There are some basic differences between religion and science, of which the following are relevant for this discussion:
Religion: Religions are based on dogma (a fixed set of foundational beliefs that may not be questioned). The dogma cannot change, and cannot incorporate new facts or evidence that emerge - i.e. you start with a set of beliefs, and then try and fit the evidence to suit the beliefs. Any evidence that does not fit, is discarded, ignored or cast under suspicion. (Note that interpretations do change out of necessity, however - see later in the discussion.)
Science: Science focuses on developing models and a better understanding of the universe and things in it, and is based on hypotheses that are tested experimentally. If the evidence does not fit the hypothesis / model, it is modified or rejected. New models are peer-reviewed, are tested & verified independently, and evolve over time to better fit reality.
Although there are sometimes major disputes in specific fields of science, things tend to converge over the long term to a common understanding of a specific phenomenon. This does not mean that this common understanding is "the ultimate truth" - only the best model or description of the evidence as at that point in time. New evidence or understanding (or better models) could (and usually do) emerge that would then change what is accepted as the current best model or understanding of the phenomenon. The main point here is that convergence on a best approximation of the truth happens in most aspects of science over time. (For example, although it was once heavily disputed, everyone now agrees that the earth is a sphere, and that it rotates around the sun. We now understand that there is a periodic table of elements, and that everything is not made of 'earth, fire, air and water'. The germ theory of disease helped birth the spectacular success of modern medicine and helped loosen the shackles of many superstitions on society.)
Conversely, religions seem to diverge, and there is no convergence over time. If any of the many religions were really true, one would have expected a convergence of opinion and belief over time, as the 'real truth' became more evident to people. Instead, what we see is maintenance of division, and parties not being able to move at all. We see the death of religions, and the birth of new religions. We see that the overwhelming majority of people stick to the religion that they were brought up in (or probably more accurately, 'indoctrinated' in) as a child, which is not what you would have expected if there was actually one 'true' religion.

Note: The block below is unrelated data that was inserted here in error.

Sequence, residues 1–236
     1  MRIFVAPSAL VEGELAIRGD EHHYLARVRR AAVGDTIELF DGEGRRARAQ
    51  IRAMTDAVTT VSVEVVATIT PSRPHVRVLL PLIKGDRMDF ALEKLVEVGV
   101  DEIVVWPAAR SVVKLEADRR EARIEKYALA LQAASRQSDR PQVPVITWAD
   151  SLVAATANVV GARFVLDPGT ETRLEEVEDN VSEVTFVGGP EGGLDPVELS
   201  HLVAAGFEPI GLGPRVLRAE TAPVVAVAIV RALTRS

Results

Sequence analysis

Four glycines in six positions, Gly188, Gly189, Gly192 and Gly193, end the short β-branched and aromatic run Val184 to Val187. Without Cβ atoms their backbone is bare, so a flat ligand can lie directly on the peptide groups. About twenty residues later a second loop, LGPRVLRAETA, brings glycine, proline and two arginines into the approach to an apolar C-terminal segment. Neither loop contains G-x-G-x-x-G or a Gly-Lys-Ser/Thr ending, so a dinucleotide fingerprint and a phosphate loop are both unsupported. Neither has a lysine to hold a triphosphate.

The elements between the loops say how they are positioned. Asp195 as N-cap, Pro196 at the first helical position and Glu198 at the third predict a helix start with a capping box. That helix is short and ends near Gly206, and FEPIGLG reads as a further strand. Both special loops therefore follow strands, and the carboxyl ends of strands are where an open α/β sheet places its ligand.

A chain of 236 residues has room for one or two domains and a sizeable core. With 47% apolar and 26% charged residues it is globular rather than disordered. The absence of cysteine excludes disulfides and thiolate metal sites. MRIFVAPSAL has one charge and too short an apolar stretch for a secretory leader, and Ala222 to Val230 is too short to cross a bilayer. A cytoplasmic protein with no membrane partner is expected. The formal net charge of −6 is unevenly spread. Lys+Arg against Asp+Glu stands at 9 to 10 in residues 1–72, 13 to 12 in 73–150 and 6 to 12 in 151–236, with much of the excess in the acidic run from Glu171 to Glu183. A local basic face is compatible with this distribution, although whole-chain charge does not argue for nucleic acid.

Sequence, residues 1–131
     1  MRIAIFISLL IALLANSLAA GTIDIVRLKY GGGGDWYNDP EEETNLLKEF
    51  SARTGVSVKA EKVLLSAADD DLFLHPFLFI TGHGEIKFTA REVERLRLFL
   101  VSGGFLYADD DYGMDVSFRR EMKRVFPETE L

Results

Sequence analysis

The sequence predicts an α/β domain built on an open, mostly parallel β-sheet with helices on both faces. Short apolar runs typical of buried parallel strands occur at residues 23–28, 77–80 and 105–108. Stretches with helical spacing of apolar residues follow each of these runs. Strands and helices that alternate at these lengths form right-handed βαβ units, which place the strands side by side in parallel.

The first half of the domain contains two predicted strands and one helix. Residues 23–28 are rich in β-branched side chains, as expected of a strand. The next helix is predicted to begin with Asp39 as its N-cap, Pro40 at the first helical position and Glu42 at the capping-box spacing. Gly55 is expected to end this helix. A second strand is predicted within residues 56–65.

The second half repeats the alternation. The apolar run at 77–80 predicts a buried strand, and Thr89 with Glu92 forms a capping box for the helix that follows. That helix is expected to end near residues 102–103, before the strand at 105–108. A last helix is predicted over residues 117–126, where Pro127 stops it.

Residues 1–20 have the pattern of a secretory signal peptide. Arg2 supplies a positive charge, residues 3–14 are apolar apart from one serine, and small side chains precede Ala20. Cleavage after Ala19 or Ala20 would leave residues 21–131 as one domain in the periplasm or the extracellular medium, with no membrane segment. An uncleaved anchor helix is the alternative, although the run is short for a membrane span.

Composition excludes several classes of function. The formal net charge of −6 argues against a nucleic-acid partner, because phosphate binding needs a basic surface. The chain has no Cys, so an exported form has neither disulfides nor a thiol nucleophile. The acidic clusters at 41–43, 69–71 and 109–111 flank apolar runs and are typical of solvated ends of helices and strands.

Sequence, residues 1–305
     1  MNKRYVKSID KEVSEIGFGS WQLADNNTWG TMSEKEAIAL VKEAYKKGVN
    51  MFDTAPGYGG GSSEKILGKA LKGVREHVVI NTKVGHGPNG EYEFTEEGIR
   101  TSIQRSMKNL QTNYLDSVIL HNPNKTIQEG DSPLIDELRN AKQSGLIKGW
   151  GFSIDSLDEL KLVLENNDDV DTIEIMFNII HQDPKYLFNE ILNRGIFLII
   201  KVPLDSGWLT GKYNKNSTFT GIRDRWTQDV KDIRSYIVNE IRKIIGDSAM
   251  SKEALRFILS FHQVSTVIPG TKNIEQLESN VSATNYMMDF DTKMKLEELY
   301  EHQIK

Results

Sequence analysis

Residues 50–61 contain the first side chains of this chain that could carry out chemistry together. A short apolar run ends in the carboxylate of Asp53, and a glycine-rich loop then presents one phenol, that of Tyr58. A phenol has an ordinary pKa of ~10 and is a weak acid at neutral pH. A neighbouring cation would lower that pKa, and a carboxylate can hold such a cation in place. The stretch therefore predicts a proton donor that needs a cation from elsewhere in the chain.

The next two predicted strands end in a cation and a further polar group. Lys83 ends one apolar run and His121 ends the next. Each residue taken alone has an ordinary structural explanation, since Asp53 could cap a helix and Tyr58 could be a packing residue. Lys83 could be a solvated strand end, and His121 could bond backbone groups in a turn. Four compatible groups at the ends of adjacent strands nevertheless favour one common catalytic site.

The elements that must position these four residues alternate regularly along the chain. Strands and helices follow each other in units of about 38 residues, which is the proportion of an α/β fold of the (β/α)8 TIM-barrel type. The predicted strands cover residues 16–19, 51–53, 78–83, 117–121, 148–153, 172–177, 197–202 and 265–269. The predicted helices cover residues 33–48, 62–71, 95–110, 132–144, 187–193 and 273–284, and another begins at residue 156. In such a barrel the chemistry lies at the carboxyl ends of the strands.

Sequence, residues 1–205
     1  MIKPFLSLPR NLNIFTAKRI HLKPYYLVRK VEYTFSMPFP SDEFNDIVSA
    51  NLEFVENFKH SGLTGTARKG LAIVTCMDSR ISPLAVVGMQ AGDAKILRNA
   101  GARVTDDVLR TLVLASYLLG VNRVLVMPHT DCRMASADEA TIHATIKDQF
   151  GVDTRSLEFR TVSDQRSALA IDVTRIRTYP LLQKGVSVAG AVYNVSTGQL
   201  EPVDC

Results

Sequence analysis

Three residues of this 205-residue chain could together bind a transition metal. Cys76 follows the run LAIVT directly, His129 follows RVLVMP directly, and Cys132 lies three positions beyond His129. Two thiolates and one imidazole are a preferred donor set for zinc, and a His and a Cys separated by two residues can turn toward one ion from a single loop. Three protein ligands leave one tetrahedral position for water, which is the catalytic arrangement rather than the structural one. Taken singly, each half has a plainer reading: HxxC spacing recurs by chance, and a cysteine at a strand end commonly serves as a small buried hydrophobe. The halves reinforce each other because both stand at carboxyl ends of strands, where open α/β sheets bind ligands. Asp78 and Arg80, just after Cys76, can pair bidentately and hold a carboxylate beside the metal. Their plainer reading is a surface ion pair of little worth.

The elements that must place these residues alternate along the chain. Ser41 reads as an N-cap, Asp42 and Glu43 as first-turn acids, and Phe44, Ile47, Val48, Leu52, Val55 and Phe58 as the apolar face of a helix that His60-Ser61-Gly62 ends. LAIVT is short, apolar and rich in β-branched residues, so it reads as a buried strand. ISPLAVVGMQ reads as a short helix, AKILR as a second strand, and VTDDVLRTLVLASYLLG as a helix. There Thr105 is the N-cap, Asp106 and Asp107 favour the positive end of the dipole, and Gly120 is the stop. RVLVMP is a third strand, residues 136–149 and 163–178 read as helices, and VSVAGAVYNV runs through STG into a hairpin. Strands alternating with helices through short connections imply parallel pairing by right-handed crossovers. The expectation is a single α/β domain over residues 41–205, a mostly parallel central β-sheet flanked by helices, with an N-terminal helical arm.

That is because the foundation of their belief is built on something that is not true, and thus there is no way of moving - the belief foundations or dogma have to remain 'frozen' in time - i.e. they have to believe in a specific set of documents that cannot be changed, because that is the main 'proof' for their religion. If they acknowledge that there are mistakes, untruths, etc. in their foundational documents, the whole edifice of their belief system starts to crumble. Since there is no way for new morality, societal or human insights, knowledge or learning, etc. to be incorporated in the documents (lest the 'truth' of the original documents be put in question), the dogmas do not and cannot evolve.
However, as a survival mechanism, most churches have to evolve their interpretation of their 'sacred' texts over time, in order to remain relevant and attractive to society (and to retain or grow their paying membership). Churches (and the Christian bible) had no problem with e.g. the compatibility of slavery with their religion for centuries, but once it fell out of favour, churches had to evolve as well and now universally renounce it as wrong. Similarly in South Africa, the Dutch Reformed church strongly supported apartheid, which was the societal norm at the time, and only changed its stance after apartheid came to an end - it certainly did not 'lead the struggle' or provide the moral insight to end apartheid...
Other examples include gay and lesbian rights, or the right of women to perform various functions in the church - certainly the various churches seem to be the last to recognise women's rights: long after most societies recognised that women should have equal rights, most churches were (and many still are) stuck in their (archaic) patriarchal paradigms, and have big debates and mental struggles over a concept that is blatantly evident for the rest of the societies in which they are located - see e.g. http://mg.co.za/article/2012-04-05-the-slow-and-steady-death-of-dutch-reformed-church.
So what we see is seemingly unmovable and unresolvable differences (divergence) between different religions (e.g. Buddhism, Hinduism, Islam, Judaism, Mormonism, Scientology and Christianity - think e.g. Israel-Palestine, or the Christian-Muslim violence in Nigeria) and also many divisions within faiths (Catholic/Protestant, Sunni & Shiite muslims, etc.). Many wars and most terrorism currently are happening on the basis of religious dogmas and differences.
And the real reason for religions not being able to converge, is that none of them is based on the 'truth'.
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